True enough, but is there anyone outside the ranks of the muddleheaded pacifist left who doesn't already get that? And are any of them going to listen to him?

Iraq is a new battle in a very old war, a war dormant for almost a century, since the fall of the last caliphate. A war briefly submerged in the titanic struggle between Communism and the west. It is a war now resurrected, not by Bin Laden or by western policies toward Muslims, but by the inevitable impossibility of reconciliation between two very different visions of what the world should be. Vietnam may mean quite a bit to Kissinger's place in history, but it means jack to what we're going through now. Sorry, Mr. Kissinger, your advice smells a bit stale compared to the knowledge of those who actually understand what this fight is about, and how it should be fought.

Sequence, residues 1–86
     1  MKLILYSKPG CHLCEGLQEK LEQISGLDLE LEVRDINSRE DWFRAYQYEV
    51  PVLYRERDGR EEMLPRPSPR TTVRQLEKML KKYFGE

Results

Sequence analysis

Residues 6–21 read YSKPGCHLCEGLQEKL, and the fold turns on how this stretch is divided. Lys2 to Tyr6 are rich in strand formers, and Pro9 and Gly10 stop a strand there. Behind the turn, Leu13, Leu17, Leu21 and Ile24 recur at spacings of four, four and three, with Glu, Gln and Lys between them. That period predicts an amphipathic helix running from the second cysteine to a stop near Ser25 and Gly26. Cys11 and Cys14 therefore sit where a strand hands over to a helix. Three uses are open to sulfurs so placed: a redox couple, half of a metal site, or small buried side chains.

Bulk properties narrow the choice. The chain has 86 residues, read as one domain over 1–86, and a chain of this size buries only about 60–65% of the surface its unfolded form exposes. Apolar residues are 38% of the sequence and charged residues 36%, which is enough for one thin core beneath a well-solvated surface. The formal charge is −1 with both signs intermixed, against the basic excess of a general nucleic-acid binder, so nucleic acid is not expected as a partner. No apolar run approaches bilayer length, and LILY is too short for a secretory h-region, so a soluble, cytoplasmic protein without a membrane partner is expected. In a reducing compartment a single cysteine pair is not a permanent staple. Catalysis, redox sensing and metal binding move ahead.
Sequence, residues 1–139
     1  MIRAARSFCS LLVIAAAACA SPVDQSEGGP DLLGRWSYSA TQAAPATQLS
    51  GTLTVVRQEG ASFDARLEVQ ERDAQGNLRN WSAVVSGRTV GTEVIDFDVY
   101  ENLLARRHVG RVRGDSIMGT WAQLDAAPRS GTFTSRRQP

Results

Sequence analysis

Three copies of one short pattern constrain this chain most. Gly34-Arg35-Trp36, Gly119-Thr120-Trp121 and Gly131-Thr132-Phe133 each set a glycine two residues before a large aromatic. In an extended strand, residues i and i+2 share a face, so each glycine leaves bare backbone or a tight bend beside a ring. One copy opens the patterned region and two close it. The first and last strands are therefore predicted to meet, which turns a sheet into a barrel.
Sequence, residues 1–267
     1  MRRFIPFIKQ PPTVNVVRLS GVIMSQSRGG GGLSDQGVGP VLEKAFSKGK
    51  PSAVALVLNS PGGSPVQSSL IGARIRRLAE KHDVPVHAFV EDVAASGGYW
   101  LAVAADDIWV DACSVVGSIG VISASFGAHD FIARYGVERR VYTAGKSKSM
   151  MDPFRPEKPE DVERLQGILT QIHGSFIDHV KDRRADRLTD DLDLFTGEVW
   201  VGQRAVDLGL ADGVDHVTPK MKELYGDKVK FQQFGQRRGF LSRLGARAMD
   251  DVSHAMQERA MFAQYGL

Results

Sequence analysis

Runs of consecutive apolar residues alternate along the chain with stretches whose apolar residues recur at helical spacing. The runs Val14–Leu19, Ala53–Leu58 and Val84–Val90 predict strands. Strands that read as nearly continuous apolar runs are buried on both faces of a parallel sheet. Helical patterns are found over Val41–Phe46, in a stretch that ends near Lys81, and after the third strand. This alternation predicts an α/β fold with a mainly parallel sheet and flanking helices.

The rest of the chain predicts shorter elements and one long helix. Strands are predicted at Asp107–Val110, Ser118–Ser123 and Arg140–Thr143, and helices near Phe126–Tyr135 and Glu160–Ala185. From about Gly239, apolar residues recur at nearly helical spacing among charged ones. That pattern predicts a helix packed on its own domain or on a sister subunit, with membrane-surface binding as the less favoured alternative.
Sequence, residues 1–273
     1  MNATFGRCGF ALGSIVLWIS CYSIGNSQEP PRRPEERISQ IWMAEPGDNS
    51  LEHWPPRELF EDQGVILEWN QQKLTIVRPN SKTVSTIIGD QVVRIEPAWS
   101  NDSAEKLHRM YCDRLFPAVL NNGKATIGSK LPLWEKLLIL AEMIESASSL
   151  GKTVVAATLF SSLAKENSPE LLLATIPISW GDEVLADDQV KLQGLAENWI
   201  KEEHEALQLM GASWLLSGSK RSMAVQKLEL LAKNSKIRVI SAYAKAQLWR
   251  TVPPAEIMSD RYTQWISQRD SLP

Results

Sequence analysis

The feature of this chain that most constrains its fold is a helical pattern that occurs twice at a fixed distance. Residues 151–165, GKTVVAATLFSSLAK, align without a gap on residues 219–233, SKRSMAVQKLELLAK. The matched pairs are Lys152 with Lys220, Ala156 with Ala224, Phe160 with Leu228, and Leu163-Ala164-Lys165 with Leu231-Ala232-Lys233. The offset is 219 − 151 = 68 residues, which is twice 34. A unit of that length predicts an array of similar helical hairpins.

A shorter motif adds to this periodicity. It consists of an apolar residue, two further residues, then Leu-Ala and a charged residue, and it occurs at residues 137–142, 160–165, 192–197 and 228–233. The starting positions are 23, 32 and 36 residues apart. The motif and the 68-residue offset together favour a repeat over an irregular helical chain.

Should you find yourself mired in a bloody conflict between communism and capitalism and think that he could possibly be of some assistance, you can hire Mr. Kissinger here.


Anonymous Anonymous said...

Christopher Walken for president
What a disappointment. For a brief but inspiring moment, we thought Blogma's favorite actor might really be throwing his hat in the ring, following in the footsteps of so many other Hollywood politicians.
Hey, you have a great blog here! I'm definitely going to bookmark you!

I have a programy site/blog. It pretty much covers programy related stuff.

Come and check it out if you get time :-)

2:25 AM